Here’s part two of my interview with Tim Pickering, president of Auspice Capital Advisors, who manages both the Horizons Auspice Managed Futures Index ETF (HMF) and the iShares Broad Commodity Index Fund (CBR). You can read part one here.

Managed futures has traditionally been a hedge fund strategy, used mostly by institutions. Can it really be adapted for the retail ETF investor?

TP: All we’ve done at Auspice is said, this is what we do in our alpha program. It’s been around, it’s got a great history. So what are we are willing to make transparent by putting it in an index? How far are we willing to lift the kimono? Can we do that with an ETF-like price? We started talking about that years ago and people thought we were out of our minds. Nobody has done this before, and we are definitely getting a lot of eyebrow raising—that’s a polite way of putting it.

When it became known that we were publishing these broad commodities and managed futures indexes, I got a call from the CEO of a major company in Canada that has a managed futures program. He said, “Tim, you are about to wreck the managed futures space in Canada,” because of these indices, and because you can get them with a 95-basis-point ETF. And I said, hold on a second. First of all, what managed futures space in Canada? Nobody even knows about this in Canada. It’s the number-one alternative strategy in the world, and nobody uses it in Canada. And second, if you are good at generating alpha for fair price, then you’re fine—the ETF is not going to hurt you. But if you’re just expensive beta, or if you’re overpriced and underperforming, then you’re screwed. And whether I do it or someone else does it, this is the evolution of markets.

The Horizons Auspice Managed Futures ETF (HMF) is an index fund. Does that mean all of this is done quantitatively, without any hunches or intuition from the manager?

TP: Exactly. Hunches and intuition are for amateurs. We follow a three-step process and each of the those steps can be quantified and replicated, and they’re published in the index methodology.

The first is the trend following algorithm, where we look across all of these 21 positions and identify whether the market is going up or down. Then we decide whether to participate in the market, and do we go long or short.

Step two is position sizing and rebalancing, based on volatility. Once we know whether the market is going up or down, the question is how big do you trade, and when do you adjust that position size. Then we normalize the risk across all of those assets: we want to take the same dollar risk in natural gas as we do in five-year notes, and cotton, and all of these other things.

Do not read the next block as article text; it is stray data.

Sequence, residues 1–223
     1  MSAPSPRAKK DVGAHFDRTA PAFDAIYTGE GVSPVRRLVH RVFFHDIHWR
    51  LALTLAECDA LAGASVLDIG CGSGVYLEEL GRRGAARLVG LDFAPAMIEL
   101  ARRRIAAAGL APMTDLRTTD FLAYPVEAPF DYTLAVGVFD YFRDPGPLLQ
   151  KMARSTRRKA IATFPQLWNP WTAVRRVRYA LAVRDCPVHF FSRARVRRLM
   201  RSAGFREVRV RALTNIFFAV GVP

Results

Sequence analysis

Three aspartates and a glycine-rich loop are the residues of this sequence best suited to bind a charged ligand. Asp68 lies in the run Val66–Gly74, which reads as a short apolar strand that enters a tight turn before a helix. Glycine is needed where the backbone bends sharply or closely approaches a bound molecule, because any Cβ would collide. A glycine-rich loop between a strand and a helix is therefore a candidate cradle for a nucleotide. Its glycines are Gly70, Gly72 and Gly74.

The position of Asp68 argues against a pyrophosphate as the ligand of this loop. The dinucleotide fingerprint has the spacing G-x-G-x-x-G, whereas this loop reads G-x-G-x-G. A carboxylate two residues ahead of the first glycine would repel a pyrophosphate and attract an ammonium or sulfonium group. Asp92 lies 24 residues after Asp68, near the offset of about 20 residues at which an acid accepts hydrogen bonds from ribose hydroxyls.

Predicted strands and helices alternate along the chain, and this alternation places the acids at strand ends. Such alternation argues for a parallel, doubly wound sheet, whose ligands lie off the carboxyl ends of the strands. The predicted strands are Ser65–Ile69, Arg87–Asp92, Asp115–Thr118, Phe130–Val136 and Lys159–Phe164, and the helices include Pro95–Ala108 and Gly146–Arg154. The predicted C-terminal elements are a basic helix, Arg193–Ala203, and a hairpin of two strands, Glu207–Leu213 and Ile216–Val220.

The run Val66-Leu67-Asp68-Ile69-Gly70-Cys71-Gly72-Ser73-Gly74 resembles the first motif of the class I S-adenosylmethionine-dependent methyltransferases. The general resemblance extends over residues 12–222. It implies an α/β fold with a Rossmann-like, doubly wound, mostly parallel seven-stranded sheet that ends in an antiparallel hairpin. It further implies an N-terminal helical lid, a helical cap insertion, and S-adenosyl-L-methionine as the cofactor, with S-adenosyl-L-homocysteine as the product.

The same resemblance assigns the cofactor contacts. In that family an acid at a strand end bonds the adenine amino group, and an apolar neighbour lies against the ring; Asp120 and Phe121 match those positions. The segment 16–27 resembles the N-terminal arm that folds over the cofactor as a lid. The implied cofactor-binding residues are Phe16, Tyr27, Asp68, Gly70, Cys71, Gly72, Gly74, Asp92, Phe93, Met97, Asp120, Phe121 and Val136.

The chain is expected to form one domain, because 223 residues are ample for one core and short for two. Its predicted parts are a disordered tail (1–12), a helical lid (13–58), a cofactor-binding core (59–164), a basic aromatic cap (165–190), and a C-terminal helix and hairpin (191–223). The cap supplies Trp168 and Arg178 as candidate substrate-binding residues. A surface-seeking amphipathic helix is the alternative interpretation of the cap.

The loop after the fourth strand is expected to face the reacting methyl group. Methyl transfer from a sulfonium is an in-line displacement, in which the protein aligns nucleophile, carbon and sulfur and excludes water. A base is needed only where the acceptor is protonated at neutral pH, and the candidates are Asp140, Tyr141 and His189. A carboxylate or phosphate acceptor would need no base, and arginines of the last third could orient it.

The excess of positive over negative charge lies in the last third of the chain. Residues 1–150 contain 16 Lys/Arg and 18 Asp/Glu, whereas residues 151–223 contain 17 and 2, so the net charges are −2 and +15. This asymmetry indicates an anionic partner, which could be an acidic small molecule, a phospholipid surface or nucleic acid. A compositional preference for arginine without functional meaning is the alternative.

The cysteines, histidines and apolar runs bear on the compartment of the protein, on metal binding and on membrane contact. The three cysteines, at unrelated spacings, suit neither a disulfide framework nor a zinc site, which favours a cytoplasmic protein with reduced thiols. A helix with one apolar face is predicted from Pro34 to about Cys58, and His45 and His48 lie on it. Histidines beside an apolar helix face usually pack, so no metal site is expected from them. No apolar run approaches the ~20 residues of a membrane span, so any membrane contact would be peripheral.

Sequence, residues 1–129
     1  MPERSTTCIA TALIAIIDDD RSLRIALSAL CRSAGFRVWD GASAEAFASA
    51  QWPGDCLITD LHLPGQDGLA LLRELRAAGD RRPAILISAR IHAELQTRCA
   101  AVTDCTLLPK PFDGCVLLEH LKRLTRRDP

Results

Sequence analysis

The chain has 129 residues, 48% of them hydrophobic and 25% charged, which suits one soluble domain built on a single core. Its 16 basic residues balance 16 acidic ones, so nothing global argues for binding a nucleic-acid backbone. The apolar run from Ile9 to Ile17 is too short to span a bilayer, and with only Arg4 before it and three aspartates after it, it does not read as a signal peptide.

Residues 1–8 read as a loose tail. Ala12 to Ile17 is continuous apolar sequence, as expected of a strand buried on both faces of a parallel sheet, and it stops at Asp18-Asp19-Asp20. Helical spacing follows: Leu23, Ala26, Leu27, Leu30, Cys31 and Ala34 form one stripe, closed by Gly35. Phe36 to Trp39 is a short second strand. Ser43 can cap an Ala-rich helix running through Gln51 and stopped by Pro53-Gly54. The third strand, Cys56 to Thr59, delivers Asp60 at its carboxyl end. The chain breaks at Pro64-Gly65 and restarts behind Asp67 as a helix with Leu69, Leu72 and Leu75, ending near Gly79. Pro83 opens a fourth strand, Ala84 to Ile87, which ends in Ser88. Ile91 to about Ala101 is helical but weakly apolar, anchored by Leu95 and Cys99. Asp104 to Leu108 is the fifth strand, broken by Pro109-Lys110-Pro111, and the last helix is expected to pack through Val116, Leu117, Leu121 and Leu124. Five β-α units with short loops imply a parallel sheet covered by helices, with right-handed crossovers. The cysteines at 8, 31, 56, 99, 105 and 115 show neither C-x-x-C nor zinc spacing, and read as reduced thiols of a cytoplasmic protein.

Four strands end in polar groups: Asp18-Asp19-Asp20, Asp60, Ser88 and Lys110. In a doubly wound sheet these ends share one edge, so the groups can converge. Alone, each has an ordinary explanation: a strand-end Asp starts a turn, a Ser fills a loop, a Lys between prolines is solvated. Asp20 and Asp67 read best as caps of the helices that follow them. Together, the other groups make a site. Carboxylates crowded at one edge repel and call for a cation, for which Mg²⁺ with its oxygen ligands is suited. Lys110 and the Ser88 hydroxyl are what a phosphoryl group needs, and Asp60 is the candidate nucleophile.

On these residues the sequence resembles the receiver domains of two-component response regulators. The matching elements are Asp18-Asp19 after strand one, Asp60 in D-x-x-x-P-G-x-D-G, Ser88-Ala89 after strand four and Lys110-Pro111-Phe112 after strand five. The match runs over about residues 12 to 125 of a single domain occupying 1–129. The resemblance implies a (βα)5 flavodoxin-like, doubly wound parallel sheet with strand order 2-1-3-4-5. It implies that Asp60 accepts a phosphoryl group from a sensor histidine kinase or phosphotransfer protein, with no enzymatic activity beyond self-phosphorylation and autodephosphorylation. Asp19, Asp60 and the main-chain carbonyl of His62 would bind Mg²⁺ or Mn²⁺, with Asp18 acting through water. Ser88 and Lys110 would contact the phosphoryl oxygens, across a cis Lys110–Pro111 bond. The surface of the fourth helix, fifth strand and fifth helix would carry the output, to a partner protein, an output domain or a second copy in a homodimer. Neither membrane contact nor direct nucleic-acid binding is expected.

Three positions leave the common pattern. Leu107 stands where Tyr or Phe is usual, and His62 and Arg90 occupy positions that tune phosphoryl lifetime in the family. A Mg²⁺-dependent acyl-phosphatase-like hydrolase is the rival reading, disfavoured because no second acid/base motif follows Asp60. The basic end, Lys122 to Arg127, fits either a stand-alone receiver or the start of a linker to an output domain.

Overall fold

Going forward in time the risk of those assets changes, because the volatility doesn’t stay static. So let’s say we put on natural gas and it starts to trend up, and volatility goes from 30% to 50%. A month later when we look at it, we need to make a decision on that position size: should we adjust it? If it meets the threshold we use, then we rebalance that position back to where it was. The index calls for this on a monthly basis.

Finally, the third step is rolling the futures contracts. We look at the forward curve and we say, is there a more intelligent decision we can make than simply rolling month-to-month? That’s always a decision we have to be dynamic about: where we want to be on the forward curve based on the risk-reward in the market. We have a process and methodology that we follow, and I don’t need to be staring at a screen to do it: we’ve taken our experience and programmed it, so we are consistent about it, and when it comes to executing we can do it systematically so we don’t mess it up.

The iShares Broad Commodities ETF (CBR) uses the same strategy, but instead of trading commodities and financial futures long and short, we just trade the commodities long. If the trend is going up, we go along, and if the trend is going down, we go to cash. Otherwise the three steps are the same.

One of the problems with ETFs like this is that they may not track their indexes well because of fees and transaction costs. Will we be able to measure the tracking error reliably?

TP: Yes, absolutely. Because the step we made at Auspice—why that CEO was ticked off at me—is that we published the index. You can download it from Bloomberg or Reuters and get your numbers daily, and see the holdings and the movement of that index. And HMF should follow that quite closely, keeping in mind that the fee is 95 basis points.

One of the interesting things about what we do is that this is not a very active strategy. We are taking a medium- to long-term trend following approach, so there’s not a ton of trading. And because we position ourselves on the futures forward curve that also eliminates transaction costs: by positioning ourselves properly we don’t have to overtrade. For example, I could trade every month in natural gas, or I can just put myself in January, April, and December. So not only are we not trading a lot, by just being long and short, we are positioning ourselves to eliminate some of that transactional aspect.

Futures are also great because they are so cost-effective: it costs me a couple of bucks to round-turn futures. The thing that can cause deviation is slippage: you go to buy crude at $80 and by the time I execute it, it’s $80.50. That’s a risk, and that’s where we have been hired to do our best job. We have been hired for that execution ability as well: hopefully we are good at that.

The other part of the equation for HMF is this: because of the leveraged ability in futures, I only have to put a certain amount on margin, and the rest is in cash. Most of that money in cash—that 90% to 95%—is earning a return. Not a lot in this environment, but 100, 120, or 130 basis points.